Hacked Off: Lawsuit Alleges CafePress Used Poor Security23 Million Victims Across US, UK, EU and Australia Receive Breach Notifications
CafePress has been hit with a lawsuit alleging that it failed to notify customers about a massive data breach in a timely manner. The Louisville, Kentucky-based personalized product retailer sells custom T-shirts and a variety of other printed materials.
The company believes that about 23 million users' details got swiped. In addition, security experts have warned that instead of using a fit-for-purpose password-hashing algorithm, CafePress was continuing to use SHA-1, which is outdated and stores passwords in a manner that is relatively easy for hackers to crack (see: SHA-1 Has Fallen).
Customer Details Exposed
The company first notified customers about the breach last month. "CafePress recently discovered that an unidentified third party obtained customer information, without authorization, that was contained in a CafePress database," the company said in a Sept. 5 data breach notification on its websites. "Based on our investigation to date, this may have occurred on or about Feb. 19."
CafePress said that exposed information included names, email addresses, passwords for CafePress accounts as well as "other information," which it did not specify. But it said that for a small percentage of U.S. users, Social Security numbers or Tax Identification numbers were exposed.
The company added: "We are fully committed to protecting your information, and we deeply regret that this incident occurred."
Global Data Breach
CafePress primarily does business in the U.S., but also maintains branded websites for the EU, United Kingdom, Canada and Australia. In its breach notification, CafePress says the breach appears to have exposed information for users across all of those regions:
- United States: About 21 million accounts exposed.
- Europe: 1 million EU accounts, including 880,000 customers in the U.K. For some users, the last four digits of their credit or debit card was exposed.
- Canada: 495,000 customer accounts.
- Australia: 450,000 customer accounts.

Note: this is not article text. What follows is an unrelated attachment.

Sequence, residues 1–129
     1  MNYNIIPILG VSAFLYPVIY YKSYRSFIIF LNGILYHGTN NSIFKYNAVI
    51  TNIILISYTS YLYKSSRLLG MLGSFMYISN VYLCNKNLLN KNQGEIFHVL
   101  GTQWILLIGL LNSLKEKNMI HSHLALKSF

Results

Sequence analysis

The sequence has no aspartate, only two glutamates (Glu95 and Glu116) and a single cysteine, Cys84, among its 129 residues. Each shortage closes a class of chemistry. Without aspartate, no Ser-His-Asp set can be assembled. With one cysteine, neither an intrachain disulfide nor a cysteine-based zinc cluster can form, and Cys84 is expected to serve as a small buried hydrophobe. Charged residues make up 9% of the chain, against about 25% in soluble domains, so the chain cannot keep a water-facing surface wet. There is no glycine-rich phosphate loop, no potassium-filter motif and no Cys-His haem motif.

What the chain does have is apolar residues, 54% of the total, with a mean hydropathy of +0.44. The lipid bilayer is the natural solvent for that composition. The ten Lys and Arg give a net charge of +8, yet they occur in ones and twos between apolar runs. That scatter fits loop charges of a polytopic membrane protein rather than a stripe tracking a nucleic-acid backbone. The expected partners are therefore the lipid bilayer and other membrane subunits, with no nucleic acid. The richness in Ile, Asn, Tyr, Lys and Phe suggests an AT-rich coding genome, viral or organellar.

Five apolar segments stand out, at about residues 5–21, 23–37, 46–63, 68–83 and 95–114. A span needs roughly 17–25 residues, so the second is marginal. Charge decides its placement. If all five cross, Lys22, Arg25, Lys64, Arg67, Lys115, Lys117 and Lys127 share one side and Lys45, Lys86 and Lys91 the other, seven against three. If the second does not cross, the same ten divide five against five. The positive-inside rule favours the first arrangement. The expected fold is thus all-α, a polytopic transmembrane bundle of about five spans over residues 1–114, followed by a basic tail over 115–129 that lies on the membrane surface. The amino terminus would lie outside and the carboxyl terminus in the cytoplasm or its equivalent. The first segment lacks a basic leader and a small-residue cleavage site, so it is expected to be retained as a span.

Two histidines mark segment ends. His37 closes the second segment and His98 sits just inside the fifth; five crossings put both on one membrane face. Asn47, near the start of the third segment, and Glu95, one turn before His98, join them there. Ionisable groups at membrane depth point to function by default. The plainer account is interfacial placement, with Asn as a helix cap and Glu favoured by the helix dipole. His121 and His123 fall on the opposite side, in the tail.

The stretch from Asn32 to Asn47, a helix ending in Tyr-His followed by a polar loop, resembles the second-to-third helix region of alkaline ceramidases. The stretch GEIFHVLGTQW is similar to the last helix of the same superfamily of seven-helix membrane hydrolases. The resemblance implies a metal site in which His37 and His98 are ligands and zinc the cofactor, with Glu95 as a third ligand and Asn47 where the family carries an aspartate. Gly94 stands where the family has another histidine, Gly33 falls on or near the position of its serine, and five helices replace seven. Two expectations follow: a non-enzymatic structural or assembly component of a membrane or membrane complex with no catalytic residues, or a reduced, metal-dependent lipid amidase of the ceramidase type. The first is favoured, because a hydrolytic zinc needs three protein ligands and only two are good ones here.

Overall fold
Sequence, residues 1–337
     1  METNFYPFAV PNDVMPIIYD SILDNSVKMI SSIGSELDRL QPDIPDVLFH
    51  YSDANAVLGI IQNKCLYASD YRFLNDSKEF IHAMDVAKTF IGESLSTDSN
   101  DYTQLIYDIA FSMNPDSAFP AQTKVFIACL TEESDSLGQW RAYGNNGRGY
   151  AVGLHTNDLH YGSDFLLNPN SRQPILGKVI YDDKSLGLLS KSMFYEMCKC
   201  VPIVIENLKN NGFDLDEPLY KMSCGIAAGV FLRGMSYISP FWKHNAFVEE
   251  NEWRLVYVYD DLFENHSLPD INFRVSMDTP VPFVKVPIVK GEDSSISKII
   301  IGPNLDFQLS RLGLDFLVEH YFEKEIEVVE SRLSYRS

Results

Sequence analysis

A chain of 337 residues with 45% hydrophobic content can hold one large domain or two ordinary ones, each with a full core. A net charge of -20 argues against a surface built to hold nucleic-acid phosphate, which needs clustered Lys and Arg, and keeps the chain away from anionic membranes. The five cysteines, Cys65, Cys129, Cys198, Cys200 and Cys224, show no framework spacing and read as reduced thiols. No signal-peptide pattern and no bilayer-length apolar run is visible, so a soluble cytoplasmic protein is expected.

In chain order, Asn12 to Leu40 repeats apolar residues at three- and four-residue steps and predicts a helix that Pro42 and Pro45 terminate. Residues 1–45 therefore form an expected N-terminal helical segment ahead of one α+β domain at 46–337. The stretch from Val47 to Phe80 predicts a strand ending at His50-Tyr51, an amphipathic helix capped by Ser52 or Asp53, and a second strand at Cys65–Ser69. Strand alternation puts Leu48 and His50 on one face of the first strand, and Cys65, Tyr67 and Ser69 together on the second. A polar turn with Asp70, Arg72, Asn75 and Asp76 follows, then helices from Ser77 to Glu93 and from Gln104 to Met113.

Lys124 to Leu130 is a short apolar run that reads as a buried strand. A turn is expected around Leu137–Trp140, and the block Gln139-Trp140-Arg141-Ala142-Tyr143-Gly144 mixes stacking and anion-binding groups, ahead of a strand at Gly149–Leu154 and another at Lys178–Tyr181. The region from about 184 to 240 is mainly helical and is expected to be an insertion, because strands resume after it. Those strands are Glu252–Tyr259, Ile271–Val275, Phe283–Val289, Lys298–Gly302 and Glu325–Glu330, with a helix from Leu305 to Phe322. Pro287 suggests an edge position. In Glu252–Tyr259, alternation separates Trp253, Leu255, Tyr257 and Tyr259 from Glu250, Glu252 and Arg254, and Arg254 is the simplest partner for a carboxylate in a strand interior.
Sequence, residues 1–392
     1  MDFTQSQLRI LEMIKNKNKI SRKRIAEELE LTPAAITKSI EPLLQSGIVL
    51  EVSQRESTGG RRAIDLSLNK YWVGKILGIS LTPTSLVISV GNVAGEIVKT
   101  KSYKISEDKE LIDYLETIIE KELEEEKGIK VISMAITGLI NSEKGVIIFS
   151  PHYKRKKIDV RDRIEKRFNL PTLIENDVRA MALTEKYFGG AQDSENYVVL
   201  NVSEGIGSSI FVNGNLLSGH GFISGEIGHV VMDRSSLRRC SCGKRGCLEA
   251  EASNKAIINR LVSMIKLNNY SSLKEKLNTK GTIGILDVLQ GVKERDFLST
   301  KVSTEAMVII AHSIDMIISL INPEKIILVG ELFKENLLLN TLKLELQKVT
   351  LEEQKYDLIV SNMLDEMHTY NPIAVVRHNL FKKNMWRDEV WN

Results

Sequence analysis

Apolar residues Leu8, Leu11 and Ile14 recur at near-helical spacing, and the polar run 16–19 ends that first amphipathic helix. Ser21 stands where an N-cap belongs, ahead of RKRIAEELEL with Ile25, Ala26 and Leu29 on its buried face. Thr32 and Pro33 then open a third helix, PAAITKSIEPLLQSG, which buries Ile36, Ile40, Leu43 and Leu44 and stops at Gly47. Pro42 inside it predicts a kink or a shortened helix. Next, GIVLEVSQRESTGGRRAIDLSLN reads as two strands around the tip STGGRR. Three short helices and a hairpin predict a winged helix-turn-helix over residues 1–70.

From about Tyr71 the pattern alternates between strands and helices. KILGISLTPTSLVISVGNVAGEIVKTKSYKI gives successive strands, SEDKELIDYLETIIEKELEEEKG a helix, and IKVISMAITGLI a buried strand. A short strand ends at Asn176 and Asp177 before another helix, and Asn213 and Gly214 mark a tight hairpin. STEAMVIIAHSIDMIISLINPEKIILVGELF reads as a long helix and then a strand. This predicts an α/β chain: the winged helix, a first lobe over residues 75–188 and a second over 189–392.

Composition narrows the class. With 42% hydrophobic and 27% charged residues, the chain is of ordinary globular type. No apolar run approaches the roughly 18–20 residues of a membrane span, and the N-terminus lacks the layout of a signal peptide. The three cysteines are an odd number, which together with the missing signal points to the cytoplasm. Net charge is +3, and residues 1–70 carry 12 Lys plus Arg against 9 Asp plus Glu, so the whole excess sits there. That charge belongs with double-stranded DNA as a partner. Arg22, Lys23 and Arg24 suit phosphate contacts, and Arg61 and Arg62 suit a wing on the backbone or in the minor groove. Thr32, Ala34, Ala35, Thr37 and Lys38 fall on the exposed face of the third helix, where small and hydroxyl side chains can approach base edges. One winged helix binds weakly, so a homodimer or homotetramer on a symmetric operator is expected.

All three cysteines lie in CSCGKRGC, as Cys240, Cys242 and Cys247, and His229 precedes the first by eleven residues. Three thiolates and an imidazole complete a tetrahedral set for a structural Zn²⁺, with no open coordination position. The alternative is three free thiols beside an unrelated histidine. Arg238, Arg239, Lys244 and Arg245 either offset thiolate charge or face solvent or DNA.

CafePress says that across every region, exposed information "included names, email addresses, passwords to customer CafePress accounts, and other information," and that for less than 1 percent of affected individuals, a social insurance, social security or tax identification number was exposed.
Signs of Breach Spotted in July
The site "We Leak Info," which sells information about data breaches, on July 14 reported that 23 million CafePress users' first and last names, email addresses and password hashes had leaked.
New Data Breach Alert!— We Leak Info (@weleakinfo) July 14, 2019
Info: Email, First Name, Last Name, Hash
See if your information was leaked for free at (link: https://t.co/Il5zj4Bl4h) https://t.co/3ev8DRCmZ6#weleakinfo #infosec #databreach #OSINT
Later, the breach was added to the free breach-notification site Have I Been Pwned. "The exposed data included 23 million unique email addresses with some records also containing names, physical addresses, phone numbers and passwords stored as SHA-1 hashes," the site reported on Aug. 5, noting that it received the data from "a source who requested it be attributed to 'JimScott.Sec@protonmail.com.'"
At the time, Scott, who's a security researcher, told Bleeping Computer that he'd found stolen CafePress data - involving about 493,000 accounts - for sale on cybercrime forums. But he said it wasn't clear if it had come from the same breach.
Scott told Bleeping Computer that he found a copy of the data on 23 million users online; half of the passwords had been hashed using SHA-1, and that the other half "contained third-party tokens for logins through Facebook and Amazon."
That's a concern because single-sign-on access tokens for Facebook Social Login and other services may persist for months or years and be difficult to reset, even following a breach (see: Experts' View: Avoid Social Networks' Single Sign-On).